The shopping cart software Smith used was vulnerable to two hacking techniques that he says were unheard of five years ago when the original cart software was developed. Since then, they’ve become so widespread, that it’s easy to find instructions on how to use them by Googling their names — SQL injection and cross-site scripting.
In SQL injection hacking, the perpetrator goes to a merchant site and inputs special character sequences in the User Name and Password fields. A vulnerable SQL-based application on the server interprets them (correctly) as commands rather than simple data input. One character string, for example, tells the software to accept as valid all user names and passwords entered from that point on.
Mission Control — ScanAlert’s software reports on all vulnerabilities found on the site and displays the results over a five-day period.
“I have to admit, it’s very, very clever,” Smith says. “It’s pretty easy to fix if you know about it, but you have to know about it.”
Cross-site scripting attacks vulnerabilities at sites where the data entry page posts customers’ input to a second page before completing the transaction. The site may be secure enough that the second page will not accept application commands from the first. But hackers have found ways to create their own bogus first pages, which then allow them to send commands to the application via the second page.
These are just two of thousands of vulnerabilities for which ScanAlert monitors, Shebby says. Some are application specific, others are more generic and can be found even in internally developed Web applications. Some are widely used by hackers, others are very rare. ScanAlert tests every site for all of them.
It uses automated systems to scan subscribers’ Web sites every day. Daily scanning is essential, the company says, because many Web sites change on an almost daily basis — and any change could expose an existing vulnerability. Hackers are also uncovering and exploiting entirely new vulnerabilities all the time. As soon as the company learns of new ones, it adds them to its scanning software.
“Our scans are perfectly safe,” Shebby adds. “We scan thousands of Web sites a day and we have no problems with servers not being able to handle them. It’s a very stable technology. It’s also very low noise — it never overloads the server.”
A Sign of Security
The ScanAlert service is mainly intended as a preventative, but the certification process brings additional benefits. The company says Hacker Safe certification signifies a Web site has “reduced its vulnerability to hackers by 99.99 percent by meeting the highest government and industry security standards.” ScanAlert tests to its own standards — which Shebby claims are the most stringent in the market — and also to Visa, MasterCard and FBI standards.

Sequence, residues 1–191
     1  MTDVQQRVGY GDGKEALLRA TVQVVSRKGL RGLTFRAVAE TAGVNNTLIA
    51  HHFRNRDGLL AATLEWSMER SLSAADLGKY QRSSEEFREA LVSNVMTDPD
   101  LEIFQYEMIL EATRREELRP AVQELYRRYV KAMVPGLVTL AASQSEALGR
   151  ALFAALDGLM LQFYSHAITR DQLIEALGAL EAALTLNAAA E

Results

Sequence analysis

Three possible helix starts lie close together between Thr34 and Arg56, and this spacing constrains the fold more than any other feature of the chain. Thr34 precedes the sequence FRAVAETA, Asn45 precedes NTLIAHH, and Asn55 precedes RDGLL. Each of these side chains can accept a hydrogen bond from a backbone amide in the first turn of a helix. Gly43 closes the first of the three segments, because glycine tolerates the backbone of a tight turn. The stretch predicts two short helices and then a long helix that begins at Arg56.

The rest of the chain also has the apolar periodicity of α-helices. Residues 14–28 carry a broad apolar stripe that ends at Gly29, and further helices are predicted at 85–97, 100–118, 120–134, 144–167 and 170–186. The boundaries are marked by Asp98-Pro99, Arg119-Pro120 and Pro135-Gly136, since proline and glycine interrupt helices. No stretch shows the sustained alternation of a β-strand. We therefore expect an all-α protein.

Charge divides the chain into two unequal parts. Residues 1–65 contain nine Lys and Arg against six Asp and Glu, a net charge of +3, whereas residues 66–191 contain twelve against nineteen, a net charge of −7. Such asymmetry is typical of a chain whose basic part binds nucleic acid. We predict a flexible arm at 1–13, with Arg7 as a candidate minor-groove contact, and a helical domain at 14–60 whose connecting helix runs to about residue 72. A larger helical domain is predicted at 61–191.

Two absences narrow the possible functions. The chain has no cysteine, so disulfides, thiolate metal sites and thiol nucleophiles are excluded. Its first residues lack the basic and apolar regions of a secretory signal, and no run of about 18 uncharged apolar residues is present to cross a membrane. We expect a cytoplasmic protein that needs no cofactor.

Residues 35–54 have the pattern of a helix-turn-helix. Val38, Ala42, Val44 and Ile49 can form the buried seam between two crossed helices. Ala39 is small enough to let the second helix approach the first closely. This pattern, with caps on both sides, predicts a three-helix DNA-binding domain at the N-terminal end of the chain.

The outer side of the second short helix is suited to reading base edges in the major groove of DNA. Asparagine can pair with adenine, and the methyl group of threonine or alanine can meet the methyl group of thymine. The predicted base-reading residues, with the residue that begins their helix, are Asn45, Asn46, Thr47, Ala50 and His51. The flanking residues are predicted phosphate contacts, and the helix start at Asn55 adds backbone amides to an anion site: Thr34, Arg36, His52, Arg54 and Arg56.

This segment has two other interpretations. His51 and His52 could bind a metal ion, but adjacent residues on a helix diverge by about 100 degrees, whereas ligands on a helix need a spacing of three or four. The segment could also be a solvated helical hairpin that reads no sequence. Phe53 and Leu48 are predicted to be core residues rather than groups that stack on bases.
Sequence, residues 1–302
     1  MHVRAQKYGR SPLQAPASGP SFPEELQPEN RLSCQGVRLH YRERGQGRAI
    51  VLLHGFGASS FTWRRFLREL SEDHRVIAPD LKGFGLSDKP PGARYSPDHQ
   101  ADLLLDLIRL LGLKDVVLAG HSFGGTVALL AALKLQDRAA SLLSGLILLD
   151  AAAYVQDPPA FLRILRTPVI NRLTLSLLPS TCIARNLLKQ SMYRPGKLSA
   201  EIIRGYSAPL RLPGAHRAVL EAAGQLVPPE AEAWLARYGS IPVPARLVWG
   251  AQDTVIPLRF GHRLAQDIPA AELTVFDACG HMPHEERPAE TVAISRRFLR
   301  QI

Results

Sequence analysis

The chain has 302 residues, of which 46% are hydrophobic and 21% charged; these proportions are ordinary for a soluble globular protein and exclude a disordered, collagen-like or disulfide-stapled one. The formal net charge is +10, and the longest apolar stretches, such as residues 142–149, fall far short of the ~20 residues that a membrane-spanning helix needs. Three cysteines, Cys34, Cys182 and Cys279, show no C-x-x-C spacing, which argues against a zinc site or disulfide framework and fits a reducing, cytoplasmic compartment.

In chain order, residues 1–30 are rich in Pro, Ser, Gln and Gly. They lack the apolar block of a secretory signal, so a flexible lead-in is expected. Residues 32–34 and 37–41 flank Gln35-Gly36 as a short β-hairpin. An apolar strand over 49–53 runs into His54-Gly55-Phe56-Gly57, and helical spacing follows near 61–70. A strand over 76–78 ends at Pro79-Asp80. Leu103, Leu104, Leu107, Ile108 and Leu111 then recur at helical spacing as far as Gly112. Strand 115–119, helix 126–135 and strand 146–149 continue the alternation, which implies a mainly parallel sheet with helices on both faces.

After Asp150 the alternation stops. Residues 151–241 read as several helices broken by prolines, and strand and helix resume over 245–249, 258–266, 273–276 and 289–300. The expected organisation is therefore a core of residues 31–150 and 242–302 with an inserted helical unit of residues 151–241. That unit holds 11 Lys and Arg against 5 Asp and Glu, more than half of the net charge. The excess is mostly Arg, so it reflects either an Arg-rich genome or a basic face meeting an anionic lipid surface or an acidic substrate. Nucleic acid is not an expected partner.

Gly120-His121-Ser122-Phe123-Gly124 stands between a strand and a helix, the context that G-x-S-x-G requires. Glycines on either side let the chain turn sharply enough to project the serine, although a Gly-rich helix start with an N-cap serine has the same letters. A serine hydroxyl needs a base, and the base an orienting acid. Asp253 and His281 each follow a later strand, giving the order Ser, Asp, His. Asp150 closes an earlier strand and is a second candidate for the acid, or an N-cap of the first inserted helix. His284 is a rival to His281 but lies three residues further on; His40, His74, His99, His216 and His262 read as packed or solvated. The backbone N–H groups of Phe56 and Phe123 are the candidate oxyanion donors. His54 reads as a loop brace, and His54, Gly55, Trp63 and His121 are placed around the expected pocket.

The company claims research shows that the presence of its Hacker Safe certification mark can also increase sales at a Web site. In one 2002 study conducted with 25,000 Internet shoppers at Binoculars.com, 50 percent of visitors saw the certification mark while the other 50 percent did not. The results showed 32 percent more shoppers purchased after seeing the certification mark.
Certainly online consumers are growing more concerned about the security risks involved in shopping on the Web. In an annual survey conducted by the TRUSTe organization — which is now partnering with ScanAlert to offer privacy and security certification — 44 percent of participants cited fear of credit card theft as a concern about online shipping. This is up from 30 percent in 2003.
Smith’s client opted to take the ScanAlert service for only one month to ensure the shopping cart software upgrade eliminated the vulnerabilities that had allowed hackers to get in the first place. Smith, who says he won’t be satisfied until the site goes six months without further incident, has urged the client to subscribe for a year, arguing that it would restore trust among customers affected by the earlier incidents.
“To me it’s the responsible thing to do,” he says. “But the clients I deal with are mostly very small — $2,000 is a lot of money to them. They’re more apt to say, ‘Let’s just wait and see what happens.'”
Which could be a big, big mistake.
Based in London, Canada, Gerry Blackwell has been writing about information technology and telecommunications for a variety of print and online publications since the 1980s. Just for fun, he also authors features and columns on digital photography for Here’s How, a spiffy new Canadian consumer technology magazine.
|Do you have a comment or question about this article or other small business topics in general? Speak out in the SmallBusinessComputing.com Forums. Join the discussion today!|